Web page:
and the moon into blood,
before the day of the Lord come,
that great [and notable day].
And it shall be, that whosoever shall call on the name
of the Lord shall be saved.
Ye men of Israel, hear these words, Jesus of Nazareth, a man approved of God unto us by mighty works and wonders and signs, which God did by him in the midst of you, even as ye yourselves know; him, being delivered up by the determinate counsel and fore-knowledge of God, ye took, and by the hand of lawless men did crucify and slay; whom God raised up, having loosed the pains of Hades, because it was not possible that he should be holden of it. For David saith concerning him, |43
I beheld my Lord always before my face;
For he is on my right hand, that I should not be moved;
Therefore my heart was glad, and my tongue rejoiced;
Moreover my flesh also shall dwell in hope:
Because thou wilt not leave my soul in Hades,
Neither wilt thou give thy Holy One to see corruption.
Thou madest known unto me the ways of life;
Thou shalt make me full of gladness with thy countenance.
Men and brethren, I may say unto you freely of the patriarch David, that he both died and was buried, and his tomb is with us unto this day. Being therefore a prophet, and knowing that God had sworn with an oath to him, that of the fruit of his heart according to the flesh he would raise up the Christ, and set him upon his throne 1: [he foreseeing this spake] of the resurrection of the Christ, that neither was he left in Hades, nor did his flesh see corruption. This Jesus therefore did God raise up, whereof we all are witnesses. Being therefore by the right hand of God exalted, and having received of the Father the promise of the Holy Spirit, he hath poured forth upon you this, which ye both see and hear. For David ascended not into the heavens; for he said himself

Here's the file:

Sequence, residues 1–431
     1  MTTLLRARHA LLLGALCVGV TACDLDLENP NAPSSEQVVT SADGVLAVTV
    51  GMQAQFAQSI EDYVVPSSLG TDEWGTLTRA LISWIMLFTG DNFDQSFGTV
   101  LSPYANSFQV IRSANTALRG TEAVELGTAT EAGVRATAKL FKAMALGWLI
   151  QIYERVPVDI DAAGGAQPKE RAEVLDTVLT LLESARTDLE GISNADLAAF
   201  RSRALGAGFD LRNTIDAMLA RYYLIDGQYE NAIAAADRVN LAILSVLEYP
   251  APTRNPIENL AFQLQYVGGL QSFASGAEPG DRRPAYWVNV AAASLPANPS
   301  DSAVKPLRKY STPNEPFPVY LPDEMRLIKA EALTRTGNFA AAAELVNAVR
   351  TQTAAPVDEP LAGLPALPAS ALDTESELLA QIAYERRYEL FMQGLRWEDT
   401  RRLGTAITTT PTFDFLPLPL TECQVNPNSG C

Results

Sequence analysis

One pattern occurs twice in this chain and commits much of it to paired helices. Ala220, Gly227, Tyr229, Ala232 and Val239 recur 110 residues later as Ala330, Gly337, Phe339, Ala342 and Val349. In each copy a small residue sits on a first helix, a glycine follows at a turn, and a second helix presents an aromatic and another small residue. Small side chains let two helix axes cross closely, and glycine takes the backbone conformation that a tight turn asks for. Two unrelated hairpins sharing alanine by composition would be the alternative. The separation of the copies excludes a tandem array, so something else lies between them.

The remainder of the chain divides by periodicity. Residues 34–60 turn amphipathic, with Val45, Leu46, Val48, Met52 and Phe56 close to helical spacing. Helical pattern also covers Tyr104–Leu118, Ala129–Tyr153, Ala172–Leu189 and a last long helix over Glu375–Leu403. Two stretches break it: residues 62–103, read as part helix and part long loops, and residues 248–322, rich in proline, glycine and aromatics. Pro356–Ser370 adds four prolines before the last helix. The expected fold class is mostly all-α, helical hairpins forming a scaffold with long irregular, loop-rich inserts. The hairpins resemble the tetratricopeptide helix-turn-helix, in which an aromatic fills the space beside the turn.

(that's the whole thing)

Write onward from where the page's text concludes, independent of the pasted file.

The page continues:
The Lord said unto my Lord,
Sit thou on my right hand,
Till I make thine enemies
The footstool of thy feet.
Let all the house of Israel know assuredly that God hath made [him] both Lord and Christ, this Jesus whom ye crucified.